What’s the kindest thing you can do for someone who’s getting married? Keep your mouth shut. I know that sounds harsh, but it’s true. If you’re asked for advice? Give it, judiciously. If you’re not? Please, please, please for the love of cummerbunds, hold your tongue. That goes for anyone, whether we’re talking parents of the happy couple or third cousins or that drunk dude at the bar.
When Patrick and I planned our wedding, which I will always remember fondly as being one of the most stressful times in my life, we were blessed with hands-off families and beer-in-hand friends who took their roles as sounding boards very seriously. The strangers, really, were the ones who gave us the most grief — the guy at the pub who wanted to know when we were having kids, the florist who couldn’t imagine a world without corsages, the saleswoman who told me I wouldn’t feel like a princess in a tea-length wedding dress.
What I wish I’d had then, and what I’m giving y’all now, is a handy list of phrases to keep in your back pocket for those moments when you’re so floored by a suggestion or bit of (bad) advice that you’re tempted to take it just to shut someone up. They’re all wedding-focused, of course, but I like to think they’ll work for anyone on the receiving end of a busybody’s interest.
A lot of people who want to talk about your wedding are mainly interested in using it as an in to talk about their own event. “Is that how you did it at your wedding?” gives them an opportunity to brag about the petting zoo, and it takes the focus off of your own lack of connubial barnyard animals. They can get the awesomeness off their own chests, and you can pick up whatever tidbits sound reasonable along the way. Of course, this response is especially cutting if the person doling out the unwanted advice has never actually had a wedding, in which case grab a jacket, because you are in for some cold-ass shoulder.
If you have absolutely no intention, zero, nada, nil, of taking someone’s advice, about petting zoos or anything else: “Thanks, we’ll really think about that!” It’s not a lie. You can think all about how you’re not in a million freaking years going to hand-weave 20 turquoise rope vases for centerpieces, probably while you’re doing things that aren’t hand-weaving 20 turquoise rope vases for centerpieces.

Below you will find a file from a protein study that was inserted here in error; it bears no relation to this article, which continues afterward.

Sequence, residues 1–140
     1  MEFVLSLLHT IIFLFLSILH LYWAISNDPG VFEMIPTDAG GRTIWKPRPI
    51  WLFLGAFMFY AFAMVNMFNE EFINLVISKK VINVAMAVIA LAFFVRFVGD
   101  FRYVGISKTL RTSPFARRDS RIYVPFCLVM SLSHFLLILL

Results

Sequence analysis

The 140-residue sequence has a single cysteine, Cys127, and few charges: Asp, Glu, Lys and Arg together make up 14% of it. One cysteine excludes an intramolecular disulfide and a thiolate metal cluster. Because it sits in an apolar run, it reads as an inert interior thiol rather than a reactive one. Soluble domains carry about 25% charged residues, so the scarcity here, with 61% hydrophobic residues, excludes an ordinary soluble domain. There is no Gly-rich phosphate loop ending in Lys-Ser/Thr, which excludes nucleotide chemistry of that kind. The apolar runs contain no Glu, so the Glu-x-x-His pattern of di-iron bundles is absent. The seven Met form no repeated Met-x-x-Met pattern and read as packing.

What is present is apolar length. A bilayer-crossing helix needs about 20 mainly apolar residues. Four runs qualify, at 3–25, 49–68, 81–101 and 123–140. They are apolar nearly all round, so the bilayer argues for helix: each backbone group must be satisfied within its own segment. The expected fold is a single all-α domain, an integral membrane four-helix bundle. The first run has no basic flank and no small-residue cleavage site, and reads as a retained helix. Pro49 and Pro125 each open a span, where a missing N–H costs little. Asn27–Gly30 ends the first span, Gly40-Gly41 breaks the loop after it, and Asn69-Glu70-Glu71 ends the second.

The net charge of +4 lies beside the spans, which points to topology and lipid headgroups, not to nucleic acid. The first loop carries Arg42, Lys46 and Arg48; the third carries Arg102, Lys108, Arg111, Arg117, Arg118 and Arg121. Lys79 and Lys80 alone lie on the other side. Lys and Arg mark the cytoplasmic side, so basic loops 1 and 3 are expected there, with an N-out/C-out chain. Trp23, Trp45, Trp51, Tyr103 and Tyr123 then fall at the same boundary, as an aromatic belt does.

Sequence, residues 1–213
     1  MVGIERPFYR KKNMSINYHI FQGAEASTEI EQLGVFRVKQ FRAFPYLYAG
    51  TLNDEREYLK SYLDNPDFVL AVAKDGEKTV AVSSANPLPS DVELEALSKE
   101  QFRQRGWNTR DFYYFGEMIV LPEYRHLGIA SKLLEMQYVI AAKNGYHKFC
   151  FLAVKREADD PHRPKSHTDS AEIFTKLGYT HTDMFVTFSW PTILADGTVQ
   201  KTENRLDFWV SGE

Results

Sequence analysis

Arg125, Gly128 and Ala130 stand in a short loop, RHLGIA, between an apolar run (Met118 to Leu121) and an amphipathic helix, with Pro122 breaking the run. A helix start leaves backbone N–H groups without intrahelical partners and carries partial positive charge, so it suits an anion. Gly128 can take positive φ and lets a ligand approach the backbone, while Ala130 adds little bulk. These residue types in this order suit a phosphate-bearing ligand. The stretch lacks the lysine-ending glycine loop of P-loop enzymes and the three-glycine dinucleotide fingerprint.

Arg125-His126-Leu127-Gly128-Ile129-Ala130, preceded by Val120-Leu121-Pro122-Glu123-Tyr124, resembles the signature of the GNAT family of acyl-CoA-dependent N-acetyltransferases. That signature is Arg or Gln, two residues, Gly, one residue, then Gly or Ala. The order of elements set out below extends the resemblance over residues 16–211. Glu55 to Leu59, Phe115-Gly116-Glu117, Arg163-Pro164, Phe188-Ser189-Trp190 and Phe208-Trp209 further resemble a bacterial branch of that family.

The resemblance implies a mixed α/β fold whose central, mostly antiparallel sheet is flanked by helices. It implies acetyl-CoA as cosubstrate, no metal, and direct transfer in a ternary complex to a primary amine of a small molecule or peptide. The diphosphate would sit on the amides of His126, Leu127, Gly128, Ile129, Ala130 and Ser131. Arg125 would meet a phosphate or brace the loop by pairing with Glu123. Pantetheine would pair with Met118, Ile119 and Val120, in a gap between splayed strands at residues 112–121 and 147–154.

“Can you email me about that? I’m pretty frazzled right now.” This, forever, to people who need something to do more than they need you to actually take their advice. This is for the meddler who has mentally plotted your seating chart or decided your officiant isn’t up to snuff. Make them do the work they’re asking you to do, and chances are you’ll never get that e-mail. If you do? It’s amazing how much gets lost in those aggressive spam filters these days.
“Why would you say that?” can work well, particularly since tone can telegraph a great deal. Put curiously, with just a hint of wonder, you’re signaling that their idea sounds kind of batshit, in your opinion, without coming out and saying so, which gives a reasonably polite person an out. Put flatly, it’s a good way to forcing someone who’s said something particularly egregious — racist, sexist, ableist, homophobic, transphobic etc. — either to double down on their comment with an explanation or to shut up quickly. The downside to this one is that you have to be prepared for the true assholes who will actually double down on their comment. In which case, feel free to shorten that guest list with a clear conscience.
And finally, there’s grande dame of classy retorts to, the aforementioned assholes: Wow. Readers of Carolyn Hax’s Washington Post advice column will be familiar with this one, as it’s a beautiful all-purpose response to any overstepping of boundaries. It works whether the offending statement is “You can’t have black bridesmaids dresses in your wedding, that’s for funerals,” or “Kids are going to ruin your ceremony.” The key is not to waver on your one-syllable shutdown. “Wow” is it. Wow is the extent of your vocabulary. You just forgot literally every word in the universe besides “Wow.” Watch it work.
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